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Melbourne woman with the best job in the world shares her day as a submarine co-pilot in Hawaii


An Australian woman living in Hawaii shared what her average day looks like as a submarine copilot.

Brittany Nash is originally from Melbourne but has done the job of her dreams by co-piloting a submarine and giving guests underwater tours of a spectacular reef in sunny Hawaii.

She says she gets up at 5 a.m. on an average day, has hour-long breaks in the sun, floats the submarine around the harbor, and acts as a guide.

Brittany spends her day on the water sailing between the submarine Atlantis 14 and the tug, shuttle and transfer boats, while helping the crew load and unload tourists for their guided reef tours.

Millions were in awe of Brittany’s “idyllic” everyday life and thought she had found the “perfect job.”

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Brittany Nash (pictured), who is originally from Melbourne, shared what her average day looks like co-piloting a submarine and giving tours of a spectacular reef in Hawaii

Brittany said waking up at 5 a.m. is “pretty stark,” but she watches the sun come up as she rides her bike to the docks and checks her schedule for the day.

She boards the submarine and completes a series of checks and measures to ensure all ships are operational for the day.

“We go on our shuttle boat and have our little morning meeting, we just discuss the day and what the conditions are like and then it’s time to go,” she explained in a TikTok clamp.

After the encounter, Brittany is back on the submarine where she ‘steps on the sticks’ to propel him out of the harbour, where he is attached to a tugboat and towed to the main dive site.

After a few hours of work, Brittany arrives at her “favorite part of the day” where she can relax on her first break.

“More than an hour I get to sit on top of the submarine and do everything. I watch the sunrise, do a little yoga, read my book, definitely take a nap because I’m very tired,” she said.

“Then they end up calling me on the radio, which means I’ll probably have to get back up and do some work.”

Brittany puts on her uniform and the submarine gets ready for the first dive of the day, then heads to the top where the crew takes the shuttle’s first load of guests aboard the submarine.

‘We do six different tours every day. First dive, I’m doing a narration, I’m just talking about all the different reefs we see and the different marine life,” she said.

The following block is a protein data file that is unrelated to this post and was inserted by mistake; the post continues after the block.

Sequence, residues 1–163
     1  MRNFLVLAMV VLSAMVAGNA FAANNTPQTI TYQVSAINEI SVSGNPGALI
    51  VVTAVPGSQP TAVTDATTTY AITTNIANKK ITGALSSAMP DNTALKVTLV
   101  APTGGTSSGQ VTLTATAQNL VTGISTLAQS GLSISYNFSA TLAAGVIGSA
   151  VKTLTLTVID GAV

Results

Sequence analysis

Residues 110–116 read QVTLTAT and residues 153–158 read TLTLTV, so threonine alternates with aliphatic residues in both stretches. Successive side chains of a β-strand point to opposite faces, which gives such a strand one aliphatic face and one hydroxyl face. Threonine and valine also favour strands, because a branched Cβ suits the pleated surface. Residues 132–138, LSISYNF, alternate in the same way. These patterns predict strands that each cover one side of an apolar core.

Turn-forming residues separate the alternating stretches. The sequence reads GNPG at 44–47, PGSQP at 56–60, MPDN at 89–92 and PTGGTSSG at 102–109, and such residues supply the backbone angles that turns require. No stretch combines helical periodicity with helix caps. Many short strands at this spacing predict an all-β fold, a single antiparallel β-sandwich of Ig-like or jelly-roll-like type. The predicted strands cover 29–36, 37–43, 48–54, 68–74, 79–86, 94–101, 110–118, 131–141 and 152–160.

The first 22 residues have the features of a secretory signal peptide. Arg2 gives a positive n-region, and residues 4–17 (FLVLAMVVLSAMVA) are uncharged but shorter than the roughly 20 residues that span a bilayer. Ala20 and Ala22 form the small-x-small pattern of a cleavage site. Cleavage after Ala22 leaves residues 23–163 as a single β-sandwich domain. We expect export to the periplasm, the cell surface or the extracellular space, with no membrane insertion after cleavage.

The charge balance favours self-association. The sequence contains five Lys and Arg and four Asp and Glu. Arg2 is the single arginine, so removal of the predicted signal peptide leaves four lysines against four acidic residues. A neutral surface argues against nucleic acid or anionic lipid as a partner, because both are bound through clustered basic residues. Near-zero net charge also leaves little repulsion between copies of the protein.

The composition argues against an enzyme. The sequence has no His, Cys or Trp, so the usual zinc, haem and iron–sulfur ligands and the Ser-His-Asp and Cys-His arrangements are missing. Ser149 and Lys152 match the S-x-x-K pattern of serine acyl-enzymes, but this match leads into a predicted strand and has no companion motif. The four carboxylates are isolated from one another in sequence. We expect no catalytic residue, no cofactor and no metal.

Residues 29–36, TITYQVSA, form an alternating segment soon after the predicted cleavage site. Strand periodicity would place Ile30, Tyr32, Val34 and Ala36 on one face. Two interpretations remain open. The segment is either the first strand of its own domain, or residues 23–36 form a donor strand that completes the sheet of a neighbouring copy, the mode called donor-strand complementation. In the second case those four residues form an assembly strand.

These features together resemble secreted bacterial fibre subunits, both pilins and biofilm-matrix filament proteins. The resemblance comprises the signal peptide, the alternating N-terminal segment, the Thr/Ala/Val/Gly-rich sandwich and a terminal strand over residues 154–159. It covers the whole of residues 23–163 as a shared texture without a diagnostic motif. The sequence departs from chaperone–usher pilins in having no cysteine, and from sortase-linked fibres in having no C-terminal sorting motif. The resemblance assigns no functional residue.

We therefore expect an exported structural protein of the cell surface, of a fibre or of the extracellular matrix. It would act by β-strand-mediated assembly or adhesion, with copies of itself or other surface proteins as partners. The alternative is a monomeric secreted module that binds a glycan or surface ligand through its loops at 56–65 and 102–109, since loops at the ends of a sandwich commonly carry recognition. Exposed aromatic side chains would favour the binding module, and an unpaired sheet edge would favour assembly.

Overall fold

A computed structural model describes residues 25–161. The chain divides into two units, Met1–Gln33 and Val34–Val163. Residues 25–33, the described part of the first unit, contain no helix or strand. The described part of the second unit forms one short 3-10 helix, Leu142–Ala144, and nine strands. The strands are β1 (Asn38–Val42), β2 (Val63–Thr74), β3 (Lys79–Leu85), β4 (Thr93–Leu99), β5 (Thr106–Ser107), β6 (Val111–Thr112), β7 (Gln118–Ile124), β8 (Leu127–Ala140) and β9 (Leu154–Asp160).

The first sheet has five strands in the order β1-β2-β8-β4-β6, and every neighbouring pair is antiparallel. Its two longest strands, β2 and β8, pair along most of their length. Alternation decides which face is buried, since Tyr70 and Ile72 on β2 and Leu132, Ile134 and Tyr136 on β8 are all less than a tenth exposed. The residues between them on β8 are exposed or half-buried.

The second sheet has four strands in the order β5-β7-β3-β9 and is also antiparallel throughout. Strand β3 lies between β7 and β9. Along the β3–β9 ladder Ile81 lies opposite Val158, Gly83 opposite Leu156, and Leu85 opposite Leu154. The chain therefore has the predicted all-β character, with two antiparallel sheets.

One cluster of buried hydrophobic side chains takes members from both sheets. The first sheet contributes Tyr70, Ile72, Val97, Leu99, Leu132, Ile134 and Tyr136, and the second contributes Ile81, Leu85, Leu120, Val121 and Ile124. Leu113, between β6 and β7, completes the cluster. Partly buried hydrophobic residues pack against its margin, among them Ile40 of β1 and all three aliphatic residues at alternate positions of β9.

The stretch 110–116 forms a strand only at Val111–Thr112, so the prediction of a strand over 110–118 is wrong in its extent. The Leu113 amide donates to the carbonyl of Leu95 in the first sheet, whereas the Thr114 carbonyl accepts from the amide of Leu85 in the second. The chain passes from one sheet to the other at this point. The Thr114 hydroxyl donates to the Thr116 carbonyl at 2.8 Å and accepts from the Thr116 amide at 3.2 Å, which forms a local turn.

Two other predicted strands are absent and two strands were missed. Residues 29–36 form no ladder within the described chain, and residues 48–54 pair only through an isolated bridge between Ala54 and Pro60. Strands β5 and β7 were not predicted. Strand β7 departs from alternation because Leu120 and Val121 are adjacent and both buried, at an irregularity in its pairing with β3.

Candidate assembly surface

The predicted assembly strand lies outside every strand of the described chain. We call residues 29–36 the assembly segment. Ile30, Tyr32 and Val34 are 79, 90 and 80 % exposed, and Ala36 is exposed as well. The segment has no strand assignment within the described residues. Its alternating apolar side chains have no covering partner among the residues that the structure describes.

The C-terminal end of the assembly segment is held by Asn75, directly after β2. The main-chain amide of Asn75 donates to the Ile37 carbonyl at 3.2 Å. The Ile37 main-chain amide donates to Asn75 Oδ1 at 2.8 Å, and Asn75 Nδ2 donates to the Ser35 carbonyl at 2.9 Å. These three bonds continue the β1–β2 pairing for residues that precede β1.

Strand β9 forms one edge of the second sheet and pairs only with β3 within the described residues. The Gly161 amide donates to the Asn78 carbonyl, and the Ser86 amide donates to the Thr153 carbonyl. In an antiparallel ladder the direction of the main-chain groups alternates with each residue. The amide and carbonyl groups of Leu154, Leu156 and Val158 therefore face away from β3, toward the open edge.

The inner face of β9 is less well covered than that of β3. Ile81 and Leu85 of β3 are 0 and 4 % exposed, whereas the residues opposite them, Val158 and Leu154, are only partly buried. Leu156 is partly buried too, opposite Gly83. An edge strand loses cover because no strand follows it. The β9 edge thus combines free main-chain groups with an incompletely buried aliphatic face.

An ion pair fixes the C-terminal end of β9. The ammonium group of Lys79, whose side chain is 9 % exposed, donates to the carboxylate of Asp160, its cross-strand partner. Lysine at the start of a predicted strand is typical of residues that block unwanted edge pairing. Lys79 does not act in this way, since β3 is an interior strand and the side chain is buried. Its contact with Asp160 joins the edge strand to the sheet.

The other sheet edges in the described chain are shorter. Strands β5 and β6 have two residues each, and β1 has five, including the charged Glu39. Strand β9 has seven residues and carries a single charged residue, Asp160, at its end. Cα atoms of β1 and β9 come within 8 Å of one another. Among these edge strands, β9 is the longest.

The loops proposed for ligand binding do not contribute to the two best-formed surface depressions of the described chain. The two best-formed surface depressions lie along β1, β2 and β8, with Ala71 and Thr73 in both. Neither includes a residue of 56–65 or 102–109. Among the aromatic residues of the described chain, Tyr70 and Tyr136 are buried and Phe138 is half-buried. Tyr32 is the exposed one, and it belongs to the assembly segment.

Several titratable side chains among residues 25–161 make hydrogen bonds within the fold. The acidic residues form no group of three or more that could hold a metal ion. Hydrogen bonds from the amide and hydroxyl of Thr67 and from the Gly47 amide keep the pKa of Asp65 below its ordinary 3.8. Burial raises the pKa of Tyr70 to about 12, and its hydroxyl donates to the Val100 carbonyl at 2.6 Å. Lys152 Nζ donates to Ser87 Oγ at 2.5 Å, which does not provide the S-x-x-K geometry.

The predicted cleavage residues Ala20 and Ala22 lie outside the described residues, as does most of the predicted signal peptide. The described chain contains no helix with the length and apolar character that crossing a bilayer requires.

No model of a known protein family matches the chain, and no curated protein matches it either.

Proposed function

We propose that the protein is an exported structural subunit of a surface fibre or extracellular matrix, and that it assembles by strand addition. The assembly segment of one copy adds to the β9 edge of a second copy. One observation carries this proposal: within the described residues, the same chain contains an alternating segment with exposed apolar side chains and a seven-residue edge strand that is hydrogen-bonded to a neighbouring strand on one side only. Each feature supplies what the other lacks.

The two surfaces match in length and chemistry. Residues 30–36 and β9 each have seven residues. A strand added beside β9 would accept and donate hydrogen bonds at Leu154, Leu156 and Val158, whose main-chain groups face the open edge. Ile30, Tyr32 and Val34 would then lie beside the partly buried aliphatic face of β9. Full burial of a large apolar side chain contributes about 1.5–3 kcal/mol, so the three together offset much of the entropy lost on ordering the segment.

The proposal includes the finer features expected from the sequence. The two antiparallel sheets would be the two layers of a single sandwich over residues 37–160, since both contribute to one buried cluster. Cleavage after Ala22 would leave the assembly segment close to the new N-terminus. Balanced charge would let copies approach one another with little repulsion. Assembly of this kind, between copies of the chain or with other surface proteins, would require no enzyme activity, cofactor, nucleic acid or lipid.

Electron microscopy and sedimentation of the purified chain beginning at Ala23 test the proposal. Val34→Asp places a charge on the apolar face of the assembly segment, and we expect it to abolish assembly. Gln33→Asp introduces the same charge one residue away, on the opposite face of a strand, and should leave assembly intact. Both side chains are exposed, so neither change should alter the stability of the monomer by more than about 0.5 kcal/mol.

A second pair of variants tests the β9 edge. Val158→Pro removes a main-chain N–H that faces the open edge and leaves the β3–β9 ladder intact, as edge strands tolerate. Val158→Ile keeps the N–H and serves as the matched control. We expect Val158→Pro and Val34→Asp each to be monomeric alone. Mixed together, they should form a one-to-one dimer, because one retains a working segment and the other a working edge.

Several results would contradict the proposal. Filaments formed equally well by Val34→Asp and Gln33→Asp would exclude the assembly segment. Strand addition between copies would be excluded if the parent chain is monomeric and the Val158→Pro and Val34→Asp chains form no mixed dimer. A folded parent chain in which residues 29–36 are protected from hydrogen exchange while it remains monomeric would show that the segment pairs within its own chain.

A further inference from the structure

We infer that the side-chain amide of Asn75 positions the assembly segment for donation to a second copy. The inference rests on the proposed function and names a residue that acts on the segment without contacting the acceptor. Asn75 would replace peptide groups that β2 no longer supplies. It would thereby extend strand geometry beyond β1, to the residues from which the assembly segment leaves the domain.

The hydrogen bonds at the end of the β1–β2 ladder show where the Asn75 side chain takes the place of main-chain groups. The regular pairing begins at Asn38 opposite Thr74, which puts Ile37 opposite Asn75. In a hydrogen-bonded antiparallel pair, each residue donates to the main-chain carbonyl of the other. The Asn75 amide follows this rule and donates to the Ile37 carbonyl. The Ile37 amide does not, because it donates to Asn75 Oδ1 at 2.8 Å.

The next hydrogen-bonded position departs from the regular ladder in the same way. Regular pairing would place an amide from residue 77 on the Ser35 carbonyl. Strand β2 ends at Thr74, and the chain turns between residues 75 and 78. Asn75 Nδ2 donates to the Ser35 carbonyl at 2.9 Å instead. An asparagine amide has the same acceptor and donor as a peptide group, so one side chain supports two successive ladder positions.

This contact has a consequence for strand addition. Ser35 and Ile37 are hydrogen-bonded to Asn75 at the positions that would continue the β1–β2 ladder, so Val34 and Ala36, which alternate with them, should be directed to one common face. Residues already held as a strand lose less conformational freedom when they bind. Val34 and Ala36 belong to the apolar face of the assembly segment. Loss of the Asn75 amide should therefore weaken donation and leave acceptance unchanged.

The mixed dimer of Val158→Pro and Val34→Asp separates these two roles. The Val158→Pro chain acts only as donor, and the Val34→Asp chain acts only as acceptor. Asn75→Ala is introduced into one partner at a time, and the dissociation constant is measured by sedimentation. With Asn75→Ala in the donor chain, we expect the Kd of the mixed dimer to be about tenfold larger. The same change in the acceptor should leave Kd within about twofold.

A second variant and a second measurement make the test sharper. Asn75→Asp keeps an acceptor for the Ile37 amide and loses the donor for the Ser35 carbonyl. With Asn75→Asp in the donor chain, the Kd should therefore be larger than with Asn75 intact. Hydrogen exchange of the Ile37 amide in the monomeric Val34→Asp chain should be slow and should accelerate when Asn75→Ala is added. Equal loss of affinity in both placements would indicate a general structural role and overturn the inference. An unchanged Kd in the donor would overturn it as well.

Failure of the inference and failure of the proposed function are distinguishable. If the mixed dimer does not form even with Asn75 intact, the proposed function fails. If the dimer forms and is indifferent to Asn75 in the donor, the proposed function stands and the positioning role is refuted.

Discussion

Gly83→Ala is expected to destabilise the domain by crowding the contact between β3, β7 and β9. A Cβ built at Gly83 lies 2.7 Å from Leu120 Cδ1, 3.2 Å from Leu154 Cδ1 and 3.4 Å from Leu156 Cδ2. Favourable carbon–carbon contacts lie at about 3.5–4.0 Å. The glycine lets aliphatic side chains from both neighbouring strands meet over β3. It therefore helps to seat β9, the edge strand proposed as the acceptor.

After three trips, Brittany can spend her break relaxing in the sun on a boat.

After three trips, Brittany can spend her break relaxing in the sun on a boat. “Then I can see Discovery coming back with our next group, so back on the container, back on the sub,” she said.

“Second tour of the day, I’m on the Discovery (shuttle), so I’m taking all those guys off the sub and back to the pier. I’m going to bend over to help tie us up.”

Throughout the day, Brittany sees a litany of marine life, from dolphins to sharks and turtles.

Once she’s tied up the shuttle, she gets the next group of guests on board and “steps on the microphone” to give them a safety briefing and tell them what landmarks they’ll see on their underwater tour.

“For our third tour, when everyone is on board and the hatch is closed, I may go on the barge and rest a little on our tugboat,” said the co-pilot.

“It’s hot so I’ll put on my swimwear and get a little vitamin D then I can watch the Discovery come back with our next group, so back on the container, back on the sub for the fourth tour of the day, I’m the co-pilot.’

As a co-pilot, Brittany can set aside her duties as a guide to ensure all guests board safely and keep an eye out for hazards during the tour.

“I basically just sit back there and make sure we don’t crash into anything. For the most part I just talk to the pilot and have some good old yarn,” she said.

Brittany can take another break during the fifth tour of the day, where she has a snack and reapplies her sunscreen.

After taking the container for a ‘joy ride’ to practice driving, the Aussie leads the sixth and final tour of the day.

“I’ll do one more story and then go back to the surface, open the hatch, take all the passengers back, change, eat again because it’s been ten hours now, and then take the boat back to port and done,” said she.

Brittany’s ‘not your regular 9-5’ job video has been viewed more than 4.3 million times and has generated thousands of comments from viewers who were ‘jealous’ of the copilot’s ‘dreamy’ life.

“The perfect job isn’t ex…oh wait,” said one woman and another agreed, “Well, you have the coolest job ever.”

‘Ohhhhhh that’s cool, it’s a sub tour! I didn’t know that was a thing,” a third wrote.

“My motion sickness could never do, but I would die for this job!” someone else said.

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